Why Detroit? 4/23/19
Our campus in Redford, home to MCHS since 1927, is indisputably beautiful. Even in the cold, dreary winter there’s something peaceful and idyllic about our campus, which has 22 buildings and 23 different types of trees, covering 80 spacious acres. By this time each year, with the flowers blossoming and our trees returning back to life, it gets even better. Whether it’s hearing the birds chirp or watching the deer dart across our campus or listening to the water rush over the rocks in the River, our campus offers a sanctuary, a safe haven for so many of our children.
Yet, we knew we could do much more for our children and families. In many ways, we knew we had to do more. As we focused on expanding and enhancing our services in foster care and adoption because the need is so great, as well as wrapping our arms around children in danger of entering the system or children who had been devastated by the opioid crisis, we knew we it wouldn’t be contained to just our campus.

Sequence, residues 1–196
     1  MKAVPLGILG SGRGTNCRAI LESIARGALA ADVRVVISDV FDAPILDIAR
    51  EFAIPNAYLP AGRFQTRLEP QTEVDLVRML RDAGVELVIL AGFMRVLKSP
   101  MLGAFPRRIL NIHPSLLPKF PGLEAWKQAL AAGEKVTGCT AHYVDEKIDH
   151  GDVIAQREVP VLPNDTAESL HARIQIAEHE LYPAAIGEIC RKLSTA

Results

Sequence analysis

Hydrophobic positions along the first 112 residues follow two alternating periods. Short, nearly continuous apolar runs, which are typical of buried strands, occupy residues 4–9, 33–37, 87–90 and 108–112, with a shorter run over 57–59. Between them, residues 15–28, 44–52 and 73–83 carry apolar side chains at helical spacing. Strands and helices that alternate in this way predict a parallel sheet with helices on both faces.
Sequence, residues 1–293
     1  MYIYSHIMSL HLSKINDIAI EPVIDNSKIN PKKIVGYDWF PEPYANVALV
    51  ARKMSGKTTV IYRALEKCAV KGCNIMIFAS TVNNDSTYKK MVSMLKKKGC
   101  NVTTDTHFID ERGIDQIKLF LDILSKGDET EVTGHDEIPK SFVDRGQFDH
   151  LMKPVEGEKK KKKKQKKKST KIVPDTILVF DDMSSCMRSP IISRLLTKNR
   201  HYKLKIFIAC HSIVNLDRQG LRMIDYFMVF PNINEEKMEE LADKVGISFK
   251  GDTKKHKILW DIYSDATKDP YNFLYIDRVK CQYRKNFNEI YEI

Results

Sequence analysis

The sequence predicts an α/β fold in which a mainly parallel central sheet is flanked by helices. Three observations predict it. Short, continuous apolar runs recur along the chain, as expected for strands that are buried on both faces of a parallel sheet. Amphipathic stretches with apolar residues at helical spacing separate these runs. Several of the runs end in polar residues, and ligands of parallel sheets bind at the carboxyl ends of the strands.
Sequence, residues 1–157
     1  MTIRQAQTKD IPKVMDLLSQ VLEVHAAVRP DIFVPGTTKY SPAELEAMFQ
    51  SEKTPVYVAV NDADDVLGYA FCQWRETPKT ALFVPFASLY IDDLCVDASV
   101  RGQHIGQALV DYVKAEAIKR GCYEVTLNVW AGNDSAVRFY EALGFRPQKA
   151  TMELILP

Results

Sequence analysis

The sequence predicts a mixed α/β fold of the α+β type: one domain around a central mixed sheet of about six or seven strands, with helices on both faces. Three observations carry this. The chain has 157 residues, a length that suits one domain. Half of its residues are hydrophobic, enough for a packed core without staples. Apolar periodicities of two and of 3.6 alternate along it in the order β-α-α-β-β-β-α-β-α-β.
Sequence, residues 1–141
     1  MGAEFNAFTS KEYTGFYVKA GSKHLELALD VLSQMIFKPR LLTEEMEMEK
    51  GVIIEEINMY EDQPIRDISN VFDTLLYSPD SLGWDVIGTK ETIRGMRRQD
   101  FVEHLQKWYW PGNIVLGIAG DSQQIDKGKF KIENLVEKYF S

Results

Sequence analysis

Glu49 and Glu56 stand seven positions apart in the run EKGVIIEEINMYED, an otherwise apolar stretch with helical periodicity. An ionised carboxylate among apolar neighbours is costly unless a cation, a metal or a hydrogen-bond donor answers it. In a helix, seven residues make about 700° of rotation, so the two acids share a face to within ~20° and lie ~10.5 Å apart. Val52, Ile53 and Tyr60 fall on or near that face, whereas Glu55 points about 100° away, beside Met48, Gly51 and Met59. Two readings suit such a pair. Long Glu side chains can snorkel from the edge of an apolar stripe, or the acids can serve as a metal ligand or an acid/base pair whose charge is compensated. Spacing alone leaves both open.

And as much as we love our home, which is only a mile and half west of Detroit and a block east of Livonia, we knew if we wanted to best serve the children and families who need us the most, we had to be in Detroit. We had to be willing to be in their communities and serve in their neighborhoods. We had to immerse ourselves and understand every step and every challenge so that services weren’t tailored on what we thought was needed or our preconceived notions, but what our children and families truly needed.
Our programs, which go beyond residential care, foster care, adoption and independent living services, have always been a response to help children after they’ve already entered the child welfare system. Even with the additional comprehensive services we provide, including individual therapy, group therapy, family therapy, education services, mentoring, tutoring, case management, aftercare services, recreation, and so much more, we were responding. As critical as those services are, and something we plan to continue growing, we knew more had to be done on the front end. And so, after careful consideration of how to best engage and where those services should be located, we knew it was in the great city of Detroit.